But You Don’t Look Ill Part 2 ….

I’m livid! Abso-bloody-lutely steaming! Probably not in the right frame of mind to blog but I have to get rid of this anger.

This morning, I built up the confidence to go to an exercise/dance class. I had been encouraged to do this by my CPN to build my confidence, my psychologist to develop relationships outside of work and my psychiatrist as the anti-psychotic is causing me to gain weight at a rapidly alarming event. So last night, I booked a taxi to get me there as I can’t yet do buses.

This morning, the taxi arrived. I was initially pleased as it was a driver I’d seen before a few times on trips to work. I got in the car and we passed pleasantries. He asked me if I was off to work and I explained I was off to the leisure centre for a class. The conversation went like this:

Him: “On holiday?”
Me: “No, I’m currently off sick”
Him: “And you want me to take you to the Leisure Centre?”
Me: “Yes please”
Him: *Long pause*
Him: “You’re not too sick to go to the Leisure Centre then?”
Him: *Uncomfortable laugh*

Now I do remember the days when, if I’d had a day off school, I wasn’t allowed to go out to play afterwards (if you’re not well enough to go to school ….) but this sort of attitude is just indicative of the demonisation of people with disabilities or long term health problems that @BendyGirl and @Suey2y highlighted in the ‘Ask Ed Milliband’ session at the recent Labour Party Conference, the image that the Daily Fail perpetuates throughout it’s pages and that middle England appears to wholeheartedly believe.

I honestly felt like Jeremy Kyle was going to pop up and accuse me of spending his tax payers money on exercise classes before I reminded myself that I am fortunate enough to be able to work and pay taxes too.

The confidence building exercise was an abject failure. I did complete the class but feel shame not endorphins running through my veins.

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Suicide – Man’s way of telling God, ‘You can’t fire me – I quit!’

*Warning – Contains potential triggers relating to suicidal ideation and self harm*

A review meeting at work today led to further encounters with work colleagues. In particular, I met up with some of my team. After the usual ‘you’re looking well’ type comments, I thought I’d see how the truth of mental ill-health would be received within a relatively safe environment. I’d just seen the psych and been signed off for another four weeks while we do some more med tweaking so I knew questions would be asked.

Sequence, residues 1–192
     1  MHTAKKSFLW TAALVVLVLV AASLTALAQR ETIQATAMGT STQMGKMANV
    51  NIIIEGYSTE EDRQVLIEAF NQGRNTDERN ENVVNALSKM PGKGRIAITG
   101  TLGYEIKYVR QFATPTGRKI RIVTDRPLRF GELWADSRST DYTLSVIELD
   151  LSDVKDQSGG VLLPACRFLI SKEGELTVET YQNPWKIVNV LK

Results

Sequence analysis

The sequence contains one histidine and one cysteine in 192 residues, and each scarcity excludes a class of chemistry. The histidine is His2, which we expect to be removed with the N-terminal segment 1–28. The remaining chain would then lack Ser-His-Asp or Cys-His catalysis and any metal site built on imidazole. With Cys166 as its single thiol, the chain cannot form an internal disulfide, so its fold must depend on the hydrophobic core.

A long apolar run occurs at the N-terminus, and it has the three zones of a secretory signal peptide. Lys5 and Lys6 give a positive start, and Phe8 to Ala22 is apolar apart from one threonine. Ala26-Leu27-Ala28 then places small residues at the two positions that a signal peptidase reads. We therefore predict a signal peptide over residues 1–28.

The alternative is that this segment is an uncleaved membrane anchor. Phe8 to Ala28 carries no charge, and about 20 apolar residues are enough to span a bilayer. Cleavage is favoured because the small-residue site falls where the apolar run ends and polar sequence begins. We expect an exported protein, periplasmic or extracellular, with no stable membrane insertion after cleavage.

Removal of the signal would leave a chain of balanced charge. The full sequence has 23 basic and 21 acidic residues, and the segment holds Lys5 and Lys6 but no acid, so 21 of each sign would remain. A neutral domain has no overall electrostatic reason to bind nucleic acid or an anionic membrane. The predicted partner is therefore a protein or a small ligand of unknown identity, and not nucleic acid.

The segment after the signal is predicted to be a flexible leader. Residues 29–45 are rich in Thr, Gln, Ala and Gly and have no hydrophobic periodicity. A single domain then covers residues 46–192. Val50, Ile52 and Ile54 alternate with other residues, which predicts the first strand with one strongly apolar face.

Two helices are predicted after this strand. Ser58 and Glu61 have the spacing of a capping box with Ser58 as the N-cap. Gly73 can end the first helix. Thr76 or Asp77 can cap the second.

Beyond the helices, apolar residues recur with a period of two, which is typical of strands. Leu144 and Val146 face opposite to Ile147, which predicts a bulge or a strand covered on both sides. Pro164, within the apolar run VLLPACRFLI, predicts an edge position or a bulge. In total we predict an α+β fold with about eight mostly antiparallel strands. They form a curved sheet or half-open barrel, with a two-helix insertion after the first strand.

So I outlined what had happened.

I explained that a number of factors, both work and personal, had come together which meant that I felt that my life was out of control. Although, for most people, the issues might seem trivial, for me they meant abject failure and an unmanageable situation. I had lain in bed for some time until I had to wake my husband up to let him know that I didn’t feel that I could keep myself safe and wanted to take my own life. I explained that, at the time the thought of having so little control over my life was so frightening that death seemed the only option.

I described the trip to A&E, the negotiation over admission with the duty psych, the input from services (daily for three weeks), the second potential crisis (Stanley Knives and scalpels were Plan B with drugs Plan A) and appropriate preventative measures and the lack of ability to ‘do’ people, cope with any sort of noise, read, go out without support ….. all those ‘normal’ things.

They were all terribly supportive, although I wish I knew what they were thinking and said after I’d gone. One senior colleague, a peer was blinking back tears at one stage. I hope I find a way of gaining an understanding of how they felt and what they thought.

Suicide is a difficult subject to talk about. Most can never understand why it is ever considered, why death is ever a better option. As always, I’ll cop out and leave the articulate stuff to others as they do it so much better than I do:

“The so-called ‘psychotically depressed’ person who tries to kill herself doesn’t do so out of quote ‘hopelessness’ or any abstract conviction that life’s assets and debits do not square. And not because death seems suddenly appealing. The person in whom its invisible agony reaches a certain unendurable level will kill herself the same way a trapped person will eventually jump from the window of a burning high-rise.

“Make no mistake about people who leap from burning windows. Their terror of falling from a great height is still just as great as it would be for you or me standing speculatively at the same window just checking out the view; i.e. the fear of falling remains a constant. The variable here is the other terror, the fire’s flames: when the flames get close enough, falling to death becomes the slightly less terrible of two terrors. It’s not desiring the fall; it’s terror of the flames. And yet nobody down on the sidewalk, looking up and yelling ‘Don’t!’ and ‘Hang on!’, can understand the jump. Not really.

“You’d have to have personally been trapped and felt flames to really understand a terror way beyond falling.”
― David Foster Wallace